• Warren Shoulberg

The Penney Post-Partum Predicament

Warren Shoulberg Publisher/Editorial DirectorWarren Shoulberg Publisher/Editorial Director
With the return of mike Ullman, the birthing process has once again taken hold at JCPenney and retailing from Plano to the Plains and from coast to coast is about to get reborn again.
     Certainly the RonJon dividend that stores like Macy's and Bed Bath and TJX cashed in is now null and void as Ullman tries to bring back the not-so-glory days of Penney ... which would still represent an improvement over the past year's debacle brought on by the Johnson Administration.
     So what does it all mean for the stores that compete against Penney? Let's take a look, shall we:
     Macy's: Even though the former Feds at the company won't come right out and say it, Macy's has been the biggest beneficiary of the JCP era. It has kept its foot to the promotional pedal non-stop while continuing to expand its private label and exclusive offerings. Macy's would by definition be the most vulnerable store to Ullman II, the question being whether it will be able to retain the new shopping dollars it gained over the past 18 months. I say yes ... at least for the short-term.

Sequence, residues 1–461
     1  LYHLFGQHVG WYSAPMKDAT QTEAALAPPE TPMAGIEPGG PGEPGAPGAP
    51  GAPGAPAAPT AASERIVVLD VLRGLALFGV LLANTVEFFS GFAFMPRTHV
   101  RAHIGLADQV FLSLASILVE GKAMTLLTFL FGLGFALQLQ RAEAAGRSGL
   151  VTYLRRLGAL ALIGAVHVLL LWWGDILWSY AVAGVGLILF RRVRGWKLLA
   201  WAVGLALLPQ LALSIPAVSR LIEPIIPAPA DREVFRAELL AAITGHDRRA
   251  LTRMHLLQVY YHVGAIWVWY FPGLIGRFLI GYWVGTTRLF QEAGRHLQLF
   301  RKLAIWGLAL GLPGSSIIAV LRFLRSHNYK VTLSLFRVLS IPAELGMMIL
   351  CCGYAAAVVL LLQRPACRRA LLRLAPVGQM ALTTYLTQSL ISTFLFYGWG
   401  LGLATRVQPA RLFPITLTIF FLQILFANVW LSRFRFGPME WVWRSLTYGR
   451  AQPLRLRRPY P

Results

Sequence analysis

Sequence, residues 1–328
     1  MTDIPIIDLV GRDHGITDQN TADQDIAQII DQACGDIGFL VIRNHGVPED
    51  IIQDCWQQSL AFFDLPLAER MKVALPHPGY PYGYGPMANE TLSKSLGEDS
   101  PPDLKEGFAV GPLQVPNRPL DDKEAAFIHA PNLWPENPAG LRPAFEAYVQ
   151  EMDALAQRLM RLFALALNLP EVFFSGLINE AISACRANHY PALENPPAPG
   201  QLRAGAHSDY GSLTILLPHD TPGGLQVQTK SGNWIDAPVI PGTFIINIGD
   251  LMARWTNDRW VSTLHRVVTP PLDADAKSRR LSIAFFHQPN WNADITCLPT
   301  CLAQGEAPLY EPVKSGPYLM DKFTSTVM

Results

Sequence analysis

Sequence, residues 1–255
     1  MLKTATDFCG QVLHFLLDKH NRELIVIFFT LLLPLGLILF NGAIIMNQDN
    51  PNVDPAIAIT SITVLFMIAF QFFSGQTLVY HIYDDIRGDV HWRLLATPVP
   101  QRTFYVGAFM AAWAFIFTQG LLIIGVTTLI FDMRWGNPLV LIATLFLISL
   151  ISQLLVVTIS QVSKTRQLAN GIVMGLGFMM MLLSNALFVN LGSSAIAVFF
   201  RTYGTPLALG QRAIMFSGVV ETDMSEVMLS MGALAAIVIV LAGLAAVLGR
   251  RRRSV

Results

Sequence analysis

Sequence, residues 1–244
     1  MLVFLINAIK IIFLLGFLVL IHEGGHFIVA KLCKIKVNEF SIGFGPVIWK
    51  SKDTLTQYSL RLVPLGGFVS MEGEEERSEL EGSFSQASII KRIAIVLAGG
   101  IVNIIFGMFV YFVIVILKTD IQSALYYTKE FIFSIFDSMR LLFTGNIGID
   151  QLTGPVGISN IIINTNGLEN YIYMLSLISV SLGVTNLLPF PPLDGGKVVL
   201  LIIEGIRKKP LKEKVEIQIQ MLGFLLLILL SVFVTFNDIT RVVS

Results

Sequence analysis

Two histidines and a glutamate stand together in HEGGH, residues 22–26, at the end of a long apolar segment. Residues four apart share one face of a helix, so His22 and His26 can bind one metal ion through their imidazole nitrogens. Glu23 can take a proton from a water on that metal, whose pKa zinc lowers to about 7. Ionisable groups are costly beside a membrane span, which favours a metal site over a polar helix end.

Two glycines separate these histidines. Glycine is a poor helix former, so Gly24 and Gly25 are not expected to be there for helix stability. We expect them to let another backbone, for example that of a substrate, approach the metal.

Kohl's: Here's the store that should have had the most to gain from RonJon-ism but didn't. It has kept the coupons coming and will probably need to sharpen its scissors even more so as Penney gets back in the clip business. If only that was the sole problem emanating from Menomonee Falls.
     TJX: Hard to quantify but a big chunk of the run-up in sales at TJ Maxx, Marshalls and especially Home Goods has had to come directly out of the Penney pot and that's not likely to change. Home Goods is poised to become a huge player in the home business and the three horsemen of the Apocalypse - Jonathan Adler, Terrence Conran and Michael Graves - along with their faithful companion Martha are in no position to stop that from continuing.
     Bed Bath & Beyond: A little more difficult to figure out how much it has benefited from the Plano problems, but certainly it has picked up market share. With coupon clipping more and more the driving force of BBB sales, one has to wonder how the return of the old Penney will impact sales here.
     Target: You have to think that it was the Target customer that was Johnson's sweet spot for the new JCP, but one has to also think it wasn't happening. The Target customer never left the store to go across the highway to JCP ... but she's clearly been going someplace else, that's for sure. Target needs to continue to work to bring her back.
     Sears: Lots of pain, not much gain. No change.
     Right now there's a giant pregnant pause in the Penney picture. Let's see what happens ... in nine months.

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